• Is the module exportable (iPortable)? This is a fantastic feature that allows you to easily backup a module’s setting and content and/or re-use that content elsewhere. The code DNN "Copy Module" functionality relies on this. Can you syndicate content out of the module using the DNN syndication features, or does it have its own?
• Once installed, look at the web.config and make sure you understand the implications of any changes it has made.
• Does it install or use any directories other than under desktop modules? (e.g. App_data or folders e.g. Telerik.)
• Look at the size of the install.zip PA file - if it is too large you may have time-out issues uploading the module.
• Look at the .dnn manifest file - is the friendly name really friendly and will the site administrators identify the module from its name? We prefer to rename modules based on their functionality. For example, it's not really useful if a user looks at the module list and sees "GeeWhiz ezeMap" - we'd change it to "Google Maps".
• Is the .dnn manifest file complete with license information, version (that matches the DLL) and help links?
• Can you use the module more than once on a site? For example, if you use the core blog module on multiple pages it will reference the same content. (It is PortaslID and not ModuleID based.)
• Can you put the module more than once on a page? We implemented a ratings module once, but then the site owner wanted to rate several articles on the same page and it didn’t work.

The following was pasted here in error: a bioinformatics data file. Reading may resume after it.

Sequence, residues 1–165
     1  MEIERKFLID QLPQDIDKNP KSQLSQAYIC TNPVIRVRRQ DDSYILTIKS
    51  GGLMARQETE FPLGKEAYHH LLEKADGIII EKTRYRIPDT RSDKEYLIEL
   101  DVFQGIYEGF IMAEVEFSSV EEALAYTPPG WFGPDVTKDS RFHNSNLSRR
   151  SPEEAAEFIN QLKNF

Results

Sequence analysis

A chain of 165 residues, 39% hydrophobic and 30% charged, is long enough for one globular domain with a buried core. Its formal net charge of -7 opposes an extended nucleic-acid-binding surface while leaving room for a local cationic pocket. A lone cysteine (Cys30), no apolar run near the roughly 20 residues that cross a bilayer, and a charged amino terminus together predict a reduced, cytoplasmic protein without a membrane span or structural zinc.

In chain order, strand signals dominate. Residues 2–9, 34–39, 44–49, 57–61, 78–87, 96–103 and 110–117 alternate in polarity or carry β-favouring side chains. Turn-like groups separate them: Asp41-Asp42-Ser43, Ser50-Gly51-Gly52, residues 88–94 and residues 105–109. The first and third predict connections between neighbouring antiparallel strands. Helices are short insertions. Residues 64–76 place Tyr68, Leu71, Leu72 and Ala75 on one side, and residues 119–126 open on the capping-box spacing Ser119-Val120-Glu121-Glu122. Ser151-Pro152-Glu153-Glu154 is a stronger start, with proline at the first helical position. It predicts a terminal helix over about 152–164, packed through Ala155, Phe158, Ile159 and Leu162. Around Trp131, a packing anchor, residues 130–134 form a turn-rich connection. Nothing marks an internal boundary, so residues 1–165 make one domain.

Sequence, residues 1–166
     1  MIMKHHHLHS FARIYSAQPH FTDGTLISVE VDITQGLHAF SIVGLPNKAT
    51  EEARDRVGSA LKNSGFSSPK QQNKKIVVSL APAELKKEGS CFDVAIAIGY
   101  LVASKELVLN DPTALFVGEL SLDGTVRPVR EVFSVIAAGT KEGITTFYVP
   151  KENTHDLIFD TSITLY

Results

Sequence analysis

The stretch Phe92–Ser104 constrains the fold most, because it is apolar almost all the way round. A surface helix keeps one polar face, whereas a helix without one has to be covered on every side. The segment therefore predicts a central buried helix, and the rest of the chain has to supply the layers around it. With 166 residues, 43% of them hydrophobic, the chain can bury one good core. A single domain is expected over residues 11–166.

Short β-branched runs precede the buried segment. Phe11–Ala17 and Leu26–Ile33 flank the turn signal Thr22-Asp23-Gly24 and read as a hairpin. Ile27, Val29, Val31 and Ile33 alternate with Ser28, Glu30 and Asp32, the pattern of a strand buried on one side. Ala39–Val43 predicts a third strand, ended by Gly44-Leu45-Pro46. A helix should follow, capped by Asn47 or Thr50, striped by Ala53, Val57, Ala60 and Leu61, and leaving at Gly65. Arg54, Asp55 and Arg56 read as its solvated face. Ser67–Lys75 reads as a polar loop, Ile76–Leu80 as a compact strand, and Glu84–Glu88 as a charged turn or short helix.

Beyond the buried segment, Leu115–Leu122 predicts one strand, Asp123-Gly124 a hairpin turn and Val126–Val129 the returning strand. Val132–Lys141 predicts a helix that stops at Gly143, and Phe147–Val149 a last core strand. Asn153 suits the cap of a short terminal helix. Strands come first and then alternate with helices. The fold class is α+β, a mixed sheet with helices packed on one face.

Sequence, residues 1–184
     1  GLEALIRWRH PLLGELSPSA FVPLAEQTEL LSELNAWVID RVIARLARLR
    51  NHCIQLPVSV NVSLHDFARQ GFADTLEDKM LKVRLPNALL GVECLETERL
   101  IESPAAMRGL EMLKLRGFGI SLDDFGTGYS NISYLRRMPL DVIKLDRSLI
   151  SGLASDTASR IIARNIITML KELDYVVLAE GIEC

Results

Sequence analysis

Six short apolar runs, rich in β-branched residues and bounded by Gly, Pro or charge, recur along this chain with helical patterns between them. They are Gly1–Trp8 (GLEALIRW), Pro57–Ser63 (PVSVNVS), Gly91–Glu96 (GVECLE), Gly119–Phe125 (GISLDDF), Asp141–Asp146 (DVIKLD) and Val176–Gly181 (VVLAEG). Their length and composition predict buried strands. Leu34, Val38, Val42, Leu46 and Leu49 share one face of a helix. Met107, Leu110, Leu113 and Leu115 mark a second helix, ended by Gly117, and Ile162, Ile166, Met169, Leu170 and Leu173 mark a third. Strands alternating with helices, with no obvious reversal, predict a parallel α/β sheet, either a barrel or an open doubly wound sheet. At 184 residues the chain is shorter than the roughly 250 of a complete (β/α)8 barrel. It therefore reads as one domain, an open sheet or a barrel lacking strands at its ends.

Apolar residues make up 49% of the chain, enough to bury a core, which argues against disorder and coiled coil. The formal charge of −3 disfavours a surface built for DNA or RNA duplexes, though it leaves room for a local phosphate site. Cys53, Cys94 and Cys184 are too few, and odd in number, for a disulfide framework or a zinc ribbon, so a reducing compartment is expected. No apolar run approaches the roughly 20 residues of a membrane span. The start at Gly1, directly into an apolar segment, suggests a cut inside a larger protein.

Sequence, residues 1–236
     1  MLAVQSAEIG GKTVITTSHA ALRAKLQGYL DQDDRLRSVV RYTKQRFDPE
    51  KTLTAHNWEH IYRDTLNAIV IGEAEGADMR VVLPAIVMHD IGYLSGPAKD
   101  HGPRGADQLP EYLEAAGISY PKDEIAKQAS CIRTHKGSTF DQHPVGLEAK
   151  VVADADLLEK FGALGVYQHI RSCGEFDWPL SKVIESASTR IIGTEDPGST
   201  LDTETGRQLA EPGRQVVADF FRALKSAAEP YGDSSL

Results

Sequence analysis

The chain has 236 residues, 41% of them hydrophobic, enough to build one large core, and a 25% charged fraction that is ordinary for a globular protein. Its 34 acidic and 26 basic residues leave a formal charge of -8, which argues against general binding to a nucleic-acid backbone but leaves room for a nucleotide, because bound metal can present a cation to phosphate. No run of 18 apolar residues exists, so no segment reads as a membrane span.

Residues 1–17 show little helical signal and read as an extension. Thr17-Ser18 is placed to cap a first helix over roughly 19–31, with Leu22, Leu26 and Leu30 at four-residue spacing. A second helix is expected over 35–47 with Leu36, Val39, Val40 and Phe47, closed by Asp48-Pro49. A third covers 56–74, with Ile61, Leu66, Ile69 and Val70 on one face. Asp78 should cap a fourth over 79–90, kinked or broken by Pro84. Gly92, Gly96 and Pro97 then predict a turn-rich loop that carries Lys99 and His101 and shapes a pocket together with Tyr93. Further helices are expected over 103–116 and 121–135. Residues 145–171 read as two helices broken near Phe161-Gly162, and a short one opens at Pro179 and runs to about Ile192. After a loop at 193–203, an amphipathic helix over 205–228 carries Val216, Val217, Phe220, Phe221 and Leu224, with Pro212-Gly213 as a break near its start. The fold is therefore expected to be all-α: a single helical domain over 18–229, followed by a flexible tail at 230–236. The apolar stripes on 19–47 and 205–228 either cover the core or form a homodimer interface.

• File uploads and permissions: if the module uses its own file manager and upload tools, check that it is integrated with the DNN file manager and its permissions.
• Does the module use a text editor? If so, is it using your default editor or its own?
• If the module sends out emails – are the templates customisable?
• Look at where module settings are – does it include a section at the bottom of the module settings, or does it create a separate entry in the module action menu? Will the users find where to administer the module?
• When the module is installed, how many modules are created? Are they all needed? For example, do you really need that "Top5" companion module?
• Is the module easy to set up on a page? Some modules, like the blog, add about 5 modules to a page - this can be a daunting process for a user!
• What are the terms? (per child; per DNN instance; unlimited; etc)
• Cost - is it cost effective?
• Does it require a licence key? (We have had issues with a module which required text license file in the BIN directory – every time the server was re-started, we had to re-install the licence.)
• Are upgrades free for point releases? Or do you only have to pay for major releases?
Hopefully module developers will consider these points and, by following them, will raise the quality of DNN modules - for the better of the whole DNN ecosystem.